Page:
2. Joanna, thank you for sharing this book. I think it is one I need in my ‘professional’ library. In the last 5 years we have ministered to 3 families (9 children) whose parent has been incarcerated. Five of those children were put in foster care with an aunt. My husband also is part of Rock of Ages Prison ministry, but I never thought of seeking a Picture Book about this topic. I am so glad you brought this book to our attention.

  3. Joanna says:

    Laura, your comment is so encouraging. I hesitated about reviewing the book as it does have such a specific audience. Your words reinforce the reality of the need of such stories for certain children. I am thrilled to think that you might buy it for some of the families you and your husband are ministering too. Thank you for sharing.

  4. Perfect selection today Joanna. Can’t imagine I missed this Woodson book as I love her books so much. This subject is also on my storybook idea list, so I need to read it. Love how you reviewed the book.

  5. Joanna says:

    One of the reasons I picked it is because I have a MG/YA idea percolating along these lines, Pat!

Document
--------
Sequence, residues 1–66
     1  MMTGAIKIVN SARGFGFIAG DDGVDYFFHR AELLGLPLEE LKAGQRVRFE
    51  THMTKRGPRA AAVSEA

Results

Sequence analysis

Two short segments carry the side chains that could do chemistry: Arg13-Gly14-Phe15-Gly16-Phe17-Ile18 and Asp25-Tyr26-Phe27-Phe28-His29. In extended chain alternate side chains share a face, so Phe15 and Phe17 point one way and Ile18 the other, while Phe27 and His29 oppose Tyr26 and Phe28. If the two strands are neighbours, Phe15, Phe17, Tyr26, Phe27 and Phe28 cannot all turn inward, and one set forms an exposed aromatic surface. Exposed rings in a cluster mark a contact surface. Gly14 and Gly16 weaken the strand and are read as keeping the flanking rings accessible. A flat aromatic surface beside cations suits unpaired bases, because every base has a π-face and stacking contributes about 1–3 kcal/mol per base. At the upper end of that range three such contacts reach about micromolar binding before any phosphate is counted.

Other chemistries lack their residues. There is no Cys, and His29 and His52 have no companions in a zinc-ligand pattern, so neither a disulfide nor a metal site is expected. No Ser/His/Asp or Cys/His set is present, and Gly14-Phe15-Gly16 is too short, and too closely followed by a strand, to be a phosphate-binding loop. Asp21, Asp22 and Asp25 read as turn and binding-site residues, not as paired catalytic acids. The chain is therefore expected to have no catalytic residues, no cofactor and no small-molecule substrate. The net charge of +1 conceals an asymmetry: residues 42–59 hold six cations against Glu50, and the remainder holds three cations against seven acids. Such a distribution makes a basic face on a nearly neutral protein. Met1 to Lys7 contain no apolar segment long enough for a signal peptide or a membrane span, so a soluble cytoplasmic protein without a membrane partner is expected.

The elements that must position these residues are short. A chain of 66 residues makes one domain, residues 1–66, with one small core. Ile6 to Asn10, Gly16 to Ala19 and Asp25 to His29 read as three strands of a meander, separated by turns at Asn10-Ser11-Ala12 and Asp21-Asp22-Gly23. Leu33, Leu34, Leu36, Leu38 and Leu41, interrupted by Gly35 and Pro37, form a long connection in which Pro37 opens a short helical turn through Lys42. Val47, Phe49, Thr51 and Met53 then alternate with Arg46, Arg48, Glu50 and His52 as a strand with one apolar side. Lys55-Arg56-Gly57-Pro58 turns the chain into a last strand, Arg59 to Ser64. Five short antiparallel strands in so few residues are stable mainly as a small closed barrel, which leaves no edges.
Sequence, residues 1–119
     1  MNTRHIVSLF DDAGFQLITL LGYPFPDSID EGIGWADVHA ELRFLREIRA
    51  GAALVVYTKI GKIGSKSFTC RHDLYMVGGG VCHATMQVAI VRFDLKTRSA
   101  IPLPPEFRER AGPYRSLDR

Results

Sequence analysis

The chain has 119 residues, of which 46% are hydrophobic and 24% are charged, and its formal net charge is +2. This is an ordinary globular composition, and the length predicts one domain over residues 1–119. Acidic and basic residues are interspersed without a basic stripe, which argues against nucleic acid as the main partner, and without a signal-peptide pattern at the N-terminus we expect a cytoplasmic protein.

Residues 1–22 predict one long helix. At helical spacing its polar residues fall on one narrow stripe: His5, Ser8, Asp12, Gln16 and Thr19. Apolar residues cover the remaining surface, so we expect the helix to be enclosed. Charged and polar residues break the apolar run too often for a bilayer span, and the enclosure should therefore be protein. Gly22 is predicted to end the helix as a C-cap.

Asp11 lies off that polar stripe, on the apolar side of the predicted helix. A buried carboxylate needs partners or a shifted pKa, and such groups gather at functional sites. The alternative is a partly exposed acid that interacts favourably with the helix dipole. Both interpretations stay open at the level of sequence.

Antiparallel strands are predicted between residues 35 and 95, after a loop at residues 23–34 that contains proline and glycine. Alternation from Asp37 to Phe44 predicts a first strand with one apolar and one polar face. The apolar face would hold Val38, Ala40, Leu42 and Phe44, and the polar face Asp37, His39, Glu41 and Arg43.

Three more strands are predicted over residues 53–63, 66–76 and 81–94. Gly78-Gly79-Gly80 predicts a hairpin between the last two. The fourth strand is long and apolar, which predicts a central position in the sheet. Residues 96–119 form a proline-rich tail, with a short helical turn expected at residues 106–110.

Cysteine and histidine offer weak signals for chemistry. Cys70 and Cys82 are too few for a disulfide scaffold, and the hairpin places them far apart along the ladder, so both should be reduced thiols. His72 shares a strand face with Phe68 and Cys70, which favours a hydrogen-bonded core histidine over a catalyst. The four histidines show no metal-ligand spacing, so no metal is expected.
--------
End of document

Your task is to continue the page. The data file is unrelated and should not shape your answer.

6. Wonderful book and review Joanna. There certainly can’t be many books out there like this and it would be good to know there are more coming. A universal message indeed.

  7. Joanna says:

    I do agree, Diane, we need more like this!

  8. Darshana says:

    Wonderful review. Will definitely have to check it out. An difficult topic but important. Thanks.

  9. What a unique book. I’ll keep this title in my hip pocket in case this topic comes up.

  10. Carrie F says:

    This sounds incredibly touching, Joanna.

  11. I encountered this book in our library some months ago, and was moved and impressed by it. It is an excellent choice for this special edition of PPBF, Joanna. Thank you for sharing it with us.

  12. I’m so glad you reviewed this book, Joanna. We don’t have anything like it on our list, and you’re right – while it may not be a choice for the average child, for some kids it’s crucial to have books like these. I know James Ransome and love his art – I’ve had the privilege of getting to see him do his school presentations 2 or 3 times. At the end he always lets kids in the audience pick numbers from 1 to 10 which he draws and turns into amazing pictures! 🙂

  13. Antoinette Anderson says:

    One of a kind.. an awesome review. Stumbled upon it in our school library for a class assignment. I am so glad I did, shared it with my thirteen year old. Like some of you said he thought it is too tense for lower elementary grades.